Quote:
Originally Posted by Amsterdam
There is no precision at all in his punches and they are not coming up through the legs. I'm really amazed at what I am seeing here honestly, in a negative way.
It's hard to be precise against Robinson. But many of them ARE coming up through the legs. Most, except for when he paws with the jab.

Quote:
Originally Posted by Amsterdam
I could finish the video and cite more problems, but honestly, it's depressing.

I await your response.
Tag.
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Old 09-18-2007, 12:42 PM   #162
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Default Re: Many people consider Sugar Ray Robinson the GOAT...

Quote:
Originally Posted by China_hand_Joe
I have no doubt I could land jabs on Sugar Ray Robinson with relative ease, whether I'd be punished after landing is another matter.

Anyhow, LaMotta was a one dimensionsal fighter, Lacy would likely beat him. There may be people under the impression LaMotta was more versatile, but that is only because Robinson's leaking defence allowed Jake to land his Baldomir like jab.

A prime focused Robin Reid is fully capable of beating any <170 name on Robinson's record.


It isn't Sugar Rays fault everyone else was so abysmal though, so lets not get on his back.
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Old 09-19-2007, 01:31 AM   #163
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Default Re: Many people consider Sugar Ray Robinson the GOAT...

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Originally Posted by Dempsey1238
Well outside of the heavyweights, There was no color bar in the lower weights in the EARLY 1930's.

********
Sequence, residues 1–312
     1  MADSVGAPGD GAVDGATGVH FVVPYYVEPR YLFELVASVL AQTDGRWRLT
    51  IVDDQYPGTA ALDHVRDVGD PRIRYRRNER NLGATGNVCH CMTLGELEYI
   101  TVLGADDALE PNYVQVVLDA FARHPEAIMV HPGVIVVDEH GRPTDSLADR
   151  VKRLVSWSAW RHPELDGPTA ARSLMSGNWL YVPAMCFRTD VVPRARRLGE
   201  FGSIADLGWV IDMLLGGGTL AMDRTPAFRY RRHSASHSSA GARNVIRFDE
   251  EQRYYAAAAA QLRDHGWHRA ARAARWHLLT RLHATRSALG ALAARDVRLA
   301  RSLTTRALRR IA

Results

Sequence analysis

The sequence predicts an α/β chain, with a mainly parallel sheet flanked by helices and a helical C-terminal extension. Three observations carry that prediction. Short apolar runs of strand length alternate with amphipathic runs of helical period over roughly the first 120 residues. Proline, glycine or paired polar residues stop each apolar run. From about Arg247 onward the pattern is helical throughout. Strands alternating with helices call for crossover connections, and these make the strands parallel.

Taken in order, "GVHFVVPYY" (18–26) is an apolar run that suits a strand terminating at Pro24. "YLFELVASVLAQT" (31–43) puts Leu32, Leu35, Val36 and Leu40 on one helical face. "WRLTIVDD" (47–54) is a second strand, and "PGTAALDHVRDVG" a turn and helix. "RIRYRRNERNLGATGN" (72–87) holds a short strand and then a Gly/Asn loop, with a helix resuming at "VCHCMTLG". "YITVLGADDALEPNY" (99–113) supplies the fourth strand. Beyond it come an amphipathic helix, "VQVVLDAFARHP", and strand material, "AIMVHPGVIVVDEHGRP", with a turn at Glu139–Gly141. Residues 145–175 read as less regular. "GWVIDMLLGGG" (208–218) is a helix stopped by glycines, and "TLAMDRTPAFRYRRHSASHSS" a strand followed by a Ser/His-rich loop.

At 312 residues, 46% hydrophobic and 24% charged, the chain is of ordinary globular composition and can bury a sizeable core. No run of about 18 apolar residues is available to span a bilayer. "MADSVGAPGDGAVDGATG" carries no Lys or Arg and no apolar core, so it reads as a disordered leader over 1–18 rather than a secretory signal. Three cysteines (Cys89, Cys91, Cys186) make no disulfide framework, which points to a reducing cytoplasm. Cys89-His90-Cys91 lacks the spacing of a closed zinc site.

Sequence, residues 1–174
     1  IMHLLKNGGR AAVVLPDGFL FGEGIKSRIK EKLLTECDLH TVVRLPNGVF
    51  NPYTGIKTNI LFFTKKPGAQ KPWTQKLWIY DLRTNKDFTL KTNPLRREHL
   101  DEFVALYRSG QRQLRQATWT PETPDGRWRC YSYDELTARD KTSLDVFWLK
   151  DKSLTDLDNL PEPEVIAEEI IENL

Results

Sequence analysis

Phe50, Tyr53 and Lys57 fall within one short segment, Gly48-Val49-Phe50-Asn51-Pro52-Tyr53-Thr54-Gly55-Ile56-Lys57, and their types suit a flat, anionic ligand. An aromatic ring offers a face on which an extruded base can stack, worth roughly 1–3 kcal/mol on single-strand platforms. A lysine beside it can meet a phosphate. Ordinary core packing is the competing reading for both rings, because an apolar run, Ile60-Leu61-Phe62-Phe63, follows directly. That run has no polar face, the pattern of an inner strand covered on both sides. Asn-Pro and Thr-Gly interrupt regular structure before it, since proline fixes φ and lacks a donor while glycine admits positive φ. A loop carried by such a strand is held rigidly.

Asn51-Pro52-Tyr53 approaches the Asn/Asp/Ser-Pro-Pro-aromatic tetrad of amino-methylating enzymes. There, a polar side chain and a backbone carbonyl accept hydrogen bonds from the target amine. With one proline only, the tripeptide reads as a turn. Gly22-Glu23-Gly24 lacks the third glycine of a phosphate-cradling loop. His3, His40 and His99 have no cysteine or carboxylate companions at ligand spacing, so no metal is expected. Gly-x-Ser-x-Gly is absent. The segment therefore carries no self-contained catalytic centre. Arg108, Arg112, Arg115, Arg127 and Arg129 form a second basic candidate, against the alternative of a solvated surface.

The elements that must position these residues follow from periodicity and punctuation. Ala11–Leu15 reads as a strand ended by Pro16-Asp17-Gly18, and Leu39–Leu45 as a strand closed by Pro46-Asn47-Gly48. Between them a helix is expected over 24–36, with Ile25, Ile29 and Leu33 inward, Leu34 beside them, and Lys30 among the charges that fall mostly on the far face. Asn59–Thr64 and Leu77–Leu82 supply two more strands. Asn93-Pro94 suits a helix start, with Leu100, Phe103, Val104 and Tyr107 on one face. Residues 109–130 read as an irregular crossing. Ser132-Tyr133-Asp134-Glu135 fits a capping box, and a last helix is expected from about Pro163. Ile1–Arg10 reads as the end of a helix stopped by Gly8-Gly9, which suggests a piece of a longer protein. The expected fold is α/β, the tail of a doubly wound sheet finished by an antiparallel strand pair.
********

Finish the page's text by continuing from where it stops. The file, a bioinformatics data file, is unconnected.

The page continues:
The lower weights were pretty much taking over by the blacks and the jews.

Barney Ross hide behind no color bar.
Excellent point.
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Old 09-19-2007, 06:43 PM   #164
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Default Re: Many people consider Sugar Ray Robinson the GOAT...

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Originally Posted by cross_trainer
I'll make it easy for you. Amsterdam, feel free to jump in.


Here's Pep fighting Saddler:

BORKED




Here's Robinson fighting LaMotta:

BORKED




Here's Mayweather fighting Baldomir:

BORKED



Here's Calzaghe fighting Manfredo:

BORKED






What SPECIFICALLY does the second group do that the first group cannot? And don't say something like "Oh, they are crisper and show better boxing knowledge" because that's a generalization that answers nothing.
I got a chance to drop down to the library and view your clips. I can't give you a specific time, but what impressed me was LaMotta's superior head movement. He fought in a crouch but constantly shifted his torso. If you imagine his head against a clock background, his head would be swinging between the 8 and the 4, depending on what punch Robinson was trying to hit him with. The modern fighters fought straight up with less headmovement in these clips from Manfredo and Baldimir. Mayweather showed good head movement. Calzaghe didn't but didn't have to against a hapless opponent.
I didn't get a chance to view Pep and Saddler, but I didn't myself notice anything the modern guys were doing that the old timers didn't. Clearly LaMotta has a different style than all the others.
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Old 09-19-2007, 06:47 PM   #165
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Default Re: Many people consider Sugar Ray Robinson the GOAT...

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Originally Posted by OLD FOGEY
I got a chance to drop down to the library and view your clips.
Boss, you really got to get your computer sorted so you can see the clips at home.

Nice post though.